Dec 12, 2008
    #14
    yeah i find that weighted keyboards sometimes feel like the keys are bouncy up at you almost after you play them you can pick up a yamaha that has built in speakers and lessons and stuff built in for dirt cheep and it has a midi interface. My little sister has one but I've never used it for midi. Took it to a couple of gigs over the holidays though haha
     
  15. North Bronson macrumors 6502

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    Oct 31, 2007
    Location:
    San José
    #15
    I think that if you want a USB keyboard just for programming loops, then 49 keys might be enough. I was in your exact position: I wanted a USB controller so that I could learn to play piano. I bought the M-Audio 49 because it was only 100 USD and I thought that 49 keys would be plenty. It sits here and collects dust because of the M-Audio 88 that I bought six months later when I realized how badly I wanted the extra octaves. It was only 199 USD and the keys feel *much* better.
     
  16. TheAngusBurger macrumors member

    Joined:
    Mar 30, 2008
    #16
    If you're wanting to learn to play the piano, 49 keys isn't going to be enough. I would also strongly recommend either somehow practicing on a real piano, or at least spending money on a keyboard with weighted keys. The feel of a real piano is completely different to a keyboard. It's hard to explain, but look at it this way; I haven't seen many pianists above Grade 5 who don't own a piano.

    However, if you're just wanting to learn some basic keyboard skills to play software instruments within audio software such as Garageband, to make loops etc., then by all means purchase a smaller keyboard, but don't expect to be able to play pieces above a fairly basic level.
     
  17. Mattaut macrumors regular

    Joined:
    Oct 9, 2008
    #17
    From the research I've done I got the feeling M-Audio keyboards are not a great choice, you get what you pay for, they are the cheapest MIDI keyboards for a reason. I was thinking about either the Akai MPK49($400) or the Edirol PCR-800($300 at americanmusical.com) and went with the PCR-800 cause I don't really need the MPC-style pads and I wanted 61 keys instead of 49 cause that's what my old non-MIDI electronic keyboard had. So far I love it, I don't have too much hands-on experience with different MIDI keyboards but to me the pressure sensitive keys work pretty well. I felt that with some software instruments the middle of the velocity range is kinda hard to get, its either soft or loud, but it probably just takes some getting used to and practice. The 61 key is perfect for my bedroom studio setup, anything smaller and I would feel limited and an 88 key would be too big for my current space. It's an over-all solid buy for that price and I won't have to spend money to upgrade for a long long time.
     
  18. ChrisA macrumors G4

    Joined:
    Jan 5, 2006
    Location:
    Redondo Beach, California
    #18
    You can spend anything you want. You can find a $50 keyboard that has it's own sound generation, speakers and MIDI if you hunt eBay ad criag's. If you have $100 then just buy a new one from Yamaha at Sweetwater or Guitar Center or Sam Ash. I forget the model number but it sells for $99.99 "everywhere".

    But you will want more than that. That cheap k/b lacks velocity sensitive keys and every note plays with the same loudness. To get control over the dynamics you will have to spend about $150.

    But then you might want even more. How do the keys "feel"? Are they really soft, weighted or have hammer like a piano? You can go on like this forever but seriously $200 will get you want you need. For example Guitar center has the Yamaha psr-e413 right now for $195.49 But there are other keyboards like it at about the same price. And if you want you could go for that $99 model but "dynamics matter"
     
  19. mcpryon2 macrumors 6502

    Joined:
    Dec 12, 2008
    #19
    I'd suggest either finding somebody you know who has access to a piano to show you a few things, or go take a few piano lessons. This way you can find out if you actually like it, and if you do you may have a better idea of what you want to do with it.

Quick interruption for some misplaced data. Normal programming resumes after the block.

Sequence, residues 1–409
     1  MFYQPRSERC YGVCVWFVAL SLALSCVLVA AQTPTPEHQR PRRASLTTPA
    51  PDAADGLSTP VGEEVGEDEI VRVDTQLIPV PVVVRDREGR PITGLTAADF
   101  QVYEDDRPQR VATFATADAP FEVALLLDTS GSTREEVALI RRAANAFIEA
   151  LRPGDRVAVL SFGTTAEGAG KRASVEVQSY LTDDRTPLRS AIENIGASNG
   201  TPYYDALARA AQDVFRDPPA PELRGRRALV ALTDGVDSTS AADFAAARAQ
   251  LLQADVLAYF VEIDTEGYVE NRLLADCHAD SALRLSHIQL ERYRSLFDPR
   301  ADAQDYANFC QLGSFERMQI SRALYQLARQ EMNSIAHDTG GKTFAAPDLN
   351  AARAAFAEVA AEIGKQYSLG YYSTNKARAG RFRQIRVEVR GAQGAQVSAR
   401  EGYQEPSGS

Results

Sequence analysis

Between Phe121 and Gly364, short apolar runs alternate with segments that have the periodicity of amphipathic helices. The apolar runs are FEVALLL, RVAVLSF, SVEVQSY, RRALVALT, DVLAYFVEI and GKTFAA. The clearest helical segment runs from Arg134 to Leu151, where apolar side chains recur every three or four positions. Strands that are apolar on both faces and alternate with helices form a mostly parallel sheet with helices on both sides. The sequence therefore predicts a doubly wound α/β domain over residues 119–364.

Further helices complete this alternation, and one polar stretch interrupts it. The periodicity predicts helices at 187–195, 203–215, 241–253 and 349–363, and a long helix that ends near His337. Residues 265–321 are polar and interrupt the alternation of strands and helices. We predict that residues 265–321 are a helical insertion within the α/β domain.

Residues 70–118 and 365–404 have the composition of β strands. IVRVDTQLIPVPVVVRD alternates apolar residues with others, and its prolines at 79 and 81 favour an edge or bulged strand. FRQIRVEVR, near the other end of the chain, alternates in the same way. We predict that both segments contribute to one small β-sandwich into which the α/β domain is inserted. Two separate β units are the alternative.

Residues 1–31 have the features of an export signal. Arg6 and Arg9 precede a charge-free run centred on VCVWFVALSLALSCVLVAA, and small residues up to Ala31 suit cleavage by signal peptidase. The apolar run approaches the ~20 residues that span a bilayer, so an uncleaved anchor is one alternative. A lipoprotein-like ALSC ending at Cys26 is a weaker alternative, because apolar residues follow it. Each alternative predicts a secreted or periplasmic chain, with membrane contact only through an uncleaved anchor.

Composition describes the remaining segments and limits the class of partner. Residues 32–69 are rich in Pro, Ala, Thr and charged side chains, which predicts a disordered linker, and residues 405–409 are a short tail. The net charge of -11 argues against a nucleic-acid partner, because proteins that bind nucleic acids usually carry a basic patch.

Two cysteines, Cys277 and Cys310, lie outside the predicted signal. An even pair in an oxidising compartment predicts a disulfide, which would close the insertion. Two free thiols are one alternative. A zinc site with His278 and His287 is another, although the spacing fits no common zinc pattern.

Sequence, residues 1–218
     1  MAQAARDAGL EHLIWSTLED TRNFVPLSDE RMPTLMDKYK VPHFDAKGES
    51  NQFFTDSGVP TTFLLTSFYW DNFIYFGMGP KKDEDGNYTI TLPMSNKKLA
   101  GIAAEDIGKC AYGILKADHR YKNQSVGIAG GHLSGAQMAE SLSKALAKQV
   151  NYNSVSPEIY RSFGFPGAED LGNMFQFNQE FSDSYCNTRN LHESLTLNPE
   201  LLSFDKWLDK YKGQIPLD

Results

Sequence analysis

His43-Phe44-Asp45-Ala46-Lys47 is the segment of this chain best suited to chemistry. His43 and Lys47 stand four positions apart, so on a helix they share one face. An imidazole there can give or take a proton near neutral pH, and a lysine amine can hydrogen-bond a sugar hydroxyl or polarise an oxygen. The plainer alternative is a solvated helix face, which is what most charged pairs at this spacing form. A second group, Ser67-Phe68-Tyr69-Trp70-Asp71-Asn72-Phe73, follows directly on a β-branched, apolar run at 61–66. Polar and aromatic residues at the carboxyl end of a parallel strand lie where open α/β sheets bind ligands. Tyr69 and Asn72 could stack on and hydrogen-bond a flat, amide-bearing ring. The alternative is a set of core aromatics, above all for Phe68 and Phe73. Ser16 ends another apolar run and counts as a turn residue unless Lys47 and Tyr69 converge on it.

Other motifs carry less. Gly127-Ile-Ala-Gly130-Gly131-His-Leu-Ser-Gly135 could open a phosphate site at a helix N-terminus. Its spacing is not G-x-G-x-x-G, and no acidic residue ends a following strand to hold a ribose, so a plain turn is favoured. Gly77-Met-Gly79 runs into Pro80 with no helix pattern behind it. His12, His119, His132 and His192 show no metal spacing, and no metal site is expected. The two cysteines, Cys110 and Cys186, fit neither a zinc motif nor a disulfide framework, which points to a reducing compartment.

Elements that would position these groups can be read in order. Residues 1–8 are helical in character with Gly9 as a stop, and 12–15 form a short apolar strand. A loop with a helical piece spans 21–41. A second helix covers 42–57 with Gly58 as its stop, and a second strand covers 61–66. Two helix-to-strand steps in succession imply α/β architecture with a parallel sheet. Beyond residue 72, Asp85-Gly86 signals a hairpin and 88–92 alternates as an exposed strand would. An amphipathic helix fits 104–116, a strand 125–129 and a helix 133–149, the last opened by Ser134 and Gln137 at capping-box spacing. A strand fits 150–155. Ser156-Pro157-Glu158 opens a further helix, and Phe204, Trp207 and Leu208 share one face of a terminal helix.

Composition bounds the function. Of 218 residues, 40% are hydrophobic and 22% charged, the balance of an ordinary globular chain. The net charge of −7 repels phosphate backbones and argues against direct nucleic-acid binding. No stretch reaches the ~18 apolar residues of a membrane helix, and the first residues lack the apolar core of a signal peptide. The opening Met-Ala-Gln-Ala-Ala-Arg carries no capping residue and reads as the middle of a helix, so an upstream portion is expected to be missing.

You may sit down and find out you love classical music and want to get a real piano or an 88-key weighted keyboard later on. You may find that you just like dinking around with a few chords that you can easily do on a smaller midi keyboard.

    If you don't know what you're getting into you could end up with an unused piece of hardware.
     
  20. ChrisA macrumors G4

    Joined:
    Jan 5, 2006
    Location:
    Redondo Beach, California
    #20
    I was thinking the same thing.... Then I found out that you can buy used equipment. What once was a pro-level keyboard 10 or 12 years ago now sells for not much money and can be re-sold for what you paid for it. Hang out on Criag's List for a few days and something will come up.

    The big thing is to get started. Even if you find you don't something you've learned something you didn't know. For example I thought I'd like some kind of software or multimedia instruction. I tried a couple and found that I really prefer paper. I have a 25+ year background in software development but I found I prefer paper because going back and forth to/from a electronic screen was to distracting. My initial guess was wrong.

    What I found was that I just needed good key velocity sensitive keyboard that plays a decent piano sound. I used my first toy-like keyboard for only a few weeks then decided I wanted better sound and more sensitive keys so I bought a Roland e-series k/b for under $100.
     
  21. daflake macrumors 6502a

    Joined:
    Apr 8, 2008
    #21
    First.... slow down.

    If you want to learn piano there is a difference over that and a keyboard. For beginners, there are 88 keys on the piano as well as action of the keys that you should consider. Casio makes one that I found on amazon for a decent price...

    http://www.casio.com/products/Musical_Instruments/Privia_Digital_Pianos/PX-110/

    It is a full keyboard and has hammer style keys that will let you play louder or softer by touch. Most keyboards will not do this with a real feel to it. It also has a MIDI port as well as the ability to add pedals like a full piano.

    My advice, get the proper equipment for what you are wanting to do and separate learning from computing until you are ready. MIDI is fun, but can be costly to setup if you want to do it right.

    or

    You could go the cheap route and we will probably see the stuff on EBay before July because you became frustrated with it and tossed it to the corner. ;)
     
  22. mimister66 macrumors newbie

    Joined:
    Jan 1, 2010
    #22
    Learning Piano

    To learn piano, I would use this book - I use it at college and it is great because it goes over all the theory, chords, and is really straitforward
    http://www.pianomusicguide.com/learnpiano.html
    also has other stuff about piano